An analysis of competition between intercropped cowpea and maize

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1981
Authors
Chang, Jorge
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Agronomy

The Department of Agronomy seeks to teach the study of the farm-field, its crops, and its science and management. It originally consisted of three sub-departments to do this: Soils, Farm-Crops, and Agricultural Engineering (which became its own department in 1907). Today, the department teaches crop sciences and breeding, soil sciences, meteorology, agroecology, and biotechnology.

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The Department of Agronomy was formed in 1902. From 1917 to 1935 it was known as the Department of Farm Crops and Soils.

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1902–present

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  • Department of Farm Crops and Soils (1917–1935)

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To gain an understanding of how cowpea (Vigna unguiculata (L.) Walp.)-maize (Zea mays L.) mixture yield advantages arise, and how they can be improved, a series of experiments were conducted at the Tropical Agricultural Research and Training Center (C.A.T.I.E.), at Turrialba, Costa Rica during November 1979 through September 1980. A semierect cowpea cultivar and a double-cross maize hybrid were sown simultaneously in "replacement series" with N and P fertilization and population density variables;The importance of light when intercrops differ greatly in size and height was evident during the growing season. In two instances where P limited maize growth more than cowpea, cowpea was more competitive than maize, but their competitive relationship was reversed by P addition, and when maize grew taller later in the season. Therefore, greater mixture advantages may be expected where cowpea is capable of accumulating substantial dry matter before maize becomes too large;Cowpea competitiveness and LERs were often improved when cowpea was not a majority in the mixture. The reason for cowpea being more competitive at some proportions than at others is unknown, although it is conceivable that at low densities more leaf area per plant may have allowed greater N(,2)-fixation for cowpea;Competition for P was not apparent. A reduction in cowpea N(,2)-fixation caused by shading, and its weak ability to compete with maize for mineral N, are suggested to be the cause of cowpea seed yield reductions in mixture under high fertilization and high population densities. Under low P, where maize yields were somewhat limited, the largest seed LERs were obtained. Also, only under low P did an increase in population density above the levels commonly used in monoculture increase seed LER. Therefore, it is suggested that low fertilization levels should be considered in intercropping research because it is where species complementarity and mixture advantages seem to be greater;The intercropped maize population density generally imposed a limit on cowpea seed productivity that could not be overcome by increasing cowpea population density. Conversely, the yield of intercropped maize generally was a function of its own population density and fertilization.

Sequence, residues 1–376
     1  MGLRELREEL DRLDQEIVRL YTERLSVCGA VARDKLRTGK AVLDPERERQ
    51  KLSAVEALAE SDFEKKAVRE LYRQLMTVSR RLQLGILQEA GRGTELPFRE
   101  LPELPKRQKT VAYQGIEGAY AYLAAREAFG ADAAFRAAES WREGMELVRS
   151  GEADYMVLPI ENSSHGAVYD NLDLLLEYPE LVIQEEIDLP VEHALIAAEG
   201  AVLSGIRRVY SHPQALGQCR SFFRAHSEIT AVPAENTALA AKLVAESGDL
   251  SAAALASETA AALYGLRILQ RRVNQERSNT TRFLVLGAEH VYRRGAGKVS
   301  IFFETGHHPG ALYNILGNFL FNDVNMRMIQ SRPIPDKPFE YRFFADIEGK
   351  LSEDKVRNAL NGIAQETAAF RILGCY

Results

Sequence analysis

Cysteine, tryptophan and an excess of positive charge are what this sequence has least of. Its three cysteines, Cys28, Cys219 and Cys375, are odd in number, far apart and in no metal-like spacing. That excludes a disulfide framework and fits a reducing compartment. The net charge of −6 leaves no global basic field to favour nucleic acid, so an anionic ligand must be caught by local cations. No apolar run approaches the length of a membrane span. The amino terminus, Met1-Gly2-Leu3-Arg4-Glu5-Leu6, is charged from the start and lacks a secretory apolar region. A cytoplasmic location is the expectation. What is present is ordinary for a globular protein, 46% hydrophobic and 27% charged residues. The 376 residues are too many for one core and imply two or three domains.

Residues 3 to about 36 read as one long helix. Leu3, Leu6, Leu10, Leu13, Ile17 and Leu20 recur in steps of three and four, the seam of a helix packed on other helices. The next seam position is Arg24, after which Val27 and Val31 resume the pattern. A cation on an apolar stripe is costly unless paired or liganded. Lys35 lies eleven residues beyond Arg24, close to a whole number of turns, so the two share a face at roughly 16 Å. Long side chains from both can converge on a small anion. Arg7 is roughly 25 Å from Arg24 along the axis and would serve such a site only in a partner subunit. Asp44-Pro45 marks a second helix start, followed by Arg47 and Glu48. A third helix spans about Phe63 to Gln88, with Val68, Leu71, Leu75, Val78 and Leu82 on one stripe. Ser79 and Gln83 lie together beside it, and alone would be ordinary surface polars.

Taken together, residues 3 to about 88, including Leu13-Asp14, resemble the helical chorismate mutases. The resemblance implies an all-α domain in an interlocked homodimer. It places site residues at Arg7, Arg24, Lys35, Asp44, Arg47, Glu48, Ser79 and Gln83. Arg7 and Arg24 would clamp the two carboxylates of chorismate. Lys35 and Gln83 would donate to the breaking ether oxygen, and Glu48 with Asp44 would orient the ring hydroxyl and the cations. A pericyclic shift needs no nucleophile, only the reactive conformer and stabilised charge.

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Thu Jan 01 00:00:00 UTC 1981